Autistic children may find Halloween extra stressful with its expected “Trick or Treat” communications, odd costumes and scary atmosphere. Here’s how a Boston-area school for children with autism helped kids prepare for the holiday.
Have a fun, safe night, everyone!
After ringing the front doorbell, 7-year-old Jack Carfarelli stood by silently, holding a plastic pumpkin while tugging nervously on his skeleton costume. The door opened into a darkened classroom, where a scary-looking witch knelt, candy bowl in hand.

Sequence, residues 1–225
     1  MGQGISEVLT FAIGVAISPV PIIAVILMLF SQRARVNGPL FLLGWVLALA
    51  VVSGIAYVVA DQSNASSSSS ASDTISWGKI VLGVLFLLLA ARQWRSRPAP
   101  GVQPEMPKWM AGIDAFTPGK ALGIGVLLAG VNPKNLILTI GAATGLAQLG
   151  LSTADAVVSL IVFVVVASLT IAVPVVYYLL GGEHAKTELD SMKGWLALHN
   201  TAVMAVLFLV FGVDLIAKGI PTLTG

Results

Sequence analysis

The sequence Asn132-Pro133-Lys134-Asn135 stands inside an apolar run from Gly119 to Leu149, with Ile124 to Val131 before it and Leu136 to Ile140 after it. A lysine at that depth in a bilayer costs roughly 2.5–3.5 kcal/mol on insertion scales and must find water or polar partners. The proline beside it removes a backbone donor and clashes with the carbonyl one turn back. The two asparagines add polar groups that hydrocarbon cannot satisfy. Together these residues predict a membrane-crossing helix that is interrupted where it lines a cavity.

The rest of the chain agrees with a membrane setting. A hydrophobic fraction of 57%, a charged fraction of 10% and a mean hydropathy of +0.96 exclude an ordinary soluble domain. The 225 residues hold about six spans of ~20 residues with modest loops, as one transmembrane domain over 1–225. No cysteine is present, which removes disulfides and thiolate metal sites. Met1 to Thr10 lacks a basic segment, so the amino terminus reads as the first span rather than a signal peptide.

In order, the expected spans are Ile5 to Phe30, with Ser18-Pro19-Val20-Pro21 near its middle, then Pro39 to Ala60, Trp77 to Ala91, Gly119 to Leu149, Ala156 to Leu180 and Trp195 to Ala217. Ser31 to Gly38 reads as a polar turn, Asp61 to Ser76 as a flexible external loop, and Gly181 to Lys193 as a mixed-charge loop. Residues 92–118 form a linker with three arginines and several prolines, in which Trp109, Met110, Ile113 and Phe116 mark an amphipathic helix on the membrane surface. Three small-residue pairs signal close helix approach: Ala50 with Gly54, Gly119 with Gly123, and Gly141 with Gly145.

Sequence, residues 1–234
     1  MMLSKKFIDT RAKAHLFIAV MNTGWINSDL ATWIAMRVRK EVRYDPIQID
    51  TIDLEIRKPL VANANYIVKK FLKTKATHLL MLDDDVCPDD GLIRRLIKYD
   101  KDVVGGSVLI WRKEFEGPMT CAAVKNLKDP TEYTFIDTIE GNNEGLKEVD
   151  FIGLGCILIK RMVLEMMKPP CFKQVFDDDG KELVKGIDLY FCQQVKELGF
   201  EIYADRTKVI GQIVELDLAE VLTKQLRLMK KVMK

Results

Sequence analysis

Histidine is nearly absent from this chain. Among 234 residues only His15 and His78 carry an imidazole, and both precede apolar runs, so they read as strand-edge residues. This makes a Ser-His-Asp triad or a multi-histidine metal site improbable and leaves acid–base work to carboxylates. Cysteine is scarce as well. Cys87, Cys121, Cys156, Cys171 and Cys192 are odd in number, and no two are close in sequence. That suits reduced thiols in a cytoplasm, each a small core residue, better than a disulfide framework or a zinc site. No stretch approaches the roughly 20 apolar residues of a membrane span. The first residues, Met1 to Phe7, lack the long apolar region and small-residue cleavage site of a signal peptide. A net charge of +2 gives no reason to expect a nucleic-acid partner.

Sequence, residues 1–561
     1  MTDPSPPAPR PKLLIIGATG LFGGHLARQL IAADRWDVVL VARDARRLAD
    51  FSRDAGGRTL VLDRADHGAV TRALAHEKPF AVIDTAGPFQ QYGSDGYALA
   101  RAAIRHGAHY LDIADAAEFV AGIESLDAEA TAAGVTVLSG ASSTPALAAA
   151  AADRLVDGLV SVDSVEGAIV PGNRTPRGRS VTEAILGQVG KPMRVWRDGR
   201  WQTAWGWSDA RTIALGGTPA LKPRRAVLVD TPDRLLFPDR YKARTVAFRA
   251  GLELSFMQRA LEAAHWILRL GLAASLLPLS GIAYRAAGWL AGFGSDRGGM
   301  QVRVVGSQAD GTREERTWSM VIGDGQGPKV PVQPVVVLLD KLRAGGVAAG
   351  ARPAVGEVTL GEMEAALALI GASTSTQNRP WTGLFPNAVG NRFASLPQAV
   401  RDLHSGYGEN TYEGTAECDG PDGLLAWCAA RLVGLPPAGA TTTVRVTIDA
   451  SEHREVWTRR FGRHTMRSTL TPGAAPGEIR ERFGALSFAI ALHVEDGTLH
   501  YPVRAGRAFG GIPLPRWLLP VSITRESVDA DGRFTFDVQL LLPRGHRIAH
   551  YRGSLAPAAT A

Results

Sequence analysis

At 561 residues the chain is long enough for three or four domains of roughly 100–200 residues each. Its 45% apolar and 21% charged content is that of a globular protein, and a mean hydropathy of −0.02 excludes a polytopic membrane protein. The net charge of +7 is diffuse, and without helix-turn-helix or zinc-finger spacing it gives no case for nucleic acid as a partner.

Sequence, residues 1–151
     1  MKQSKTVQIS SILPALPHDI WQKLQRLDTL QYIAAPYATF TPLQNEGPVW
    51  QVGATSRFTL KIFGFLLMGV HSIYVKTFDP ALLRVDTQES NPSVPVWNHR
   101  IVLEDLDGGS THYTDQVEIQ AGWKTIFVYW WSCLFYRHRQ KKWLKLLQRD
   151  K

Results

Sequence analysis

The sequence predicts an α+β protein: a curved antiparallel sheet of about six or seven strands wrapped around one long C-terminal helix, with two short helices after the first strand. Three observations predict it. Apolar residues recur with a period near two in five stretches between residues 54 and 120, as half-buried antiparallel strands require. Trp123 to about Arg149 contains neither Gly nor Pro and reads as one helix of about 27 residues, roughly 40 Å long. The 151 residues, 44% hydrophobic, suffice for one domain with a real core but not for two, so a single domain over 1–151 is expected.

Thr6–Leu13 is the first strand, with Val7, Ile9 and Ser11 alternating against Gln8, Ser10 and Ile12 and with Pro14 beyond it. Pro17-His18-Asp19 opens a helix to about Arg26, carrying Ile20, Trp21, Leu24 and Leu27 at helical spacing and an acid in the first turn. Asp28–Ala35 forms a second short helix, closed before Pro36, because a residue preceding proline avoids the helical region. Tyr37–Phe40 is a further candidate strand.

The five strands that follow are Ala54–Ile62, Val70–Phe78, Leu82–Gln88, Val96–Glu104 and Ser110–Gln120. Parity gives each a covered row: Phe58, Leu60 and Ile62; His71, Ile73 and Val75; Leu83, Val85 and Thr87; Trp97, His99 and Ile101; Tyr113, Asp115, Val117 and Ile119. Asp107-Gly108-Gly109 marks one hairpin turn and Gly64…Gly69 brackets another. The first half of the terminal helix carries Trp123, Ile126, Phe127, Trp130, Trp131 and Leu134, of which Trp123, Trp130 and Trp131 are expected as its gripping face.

“Happy Halloween,’’ said the witch.
Jack, a child with autism, appeared anxious yet still said nothing. Around his neck hung a small touch-screen computer. He hesitated, then activated the machine’s vocalization app to say “Trick or treat!’’ on his behalf.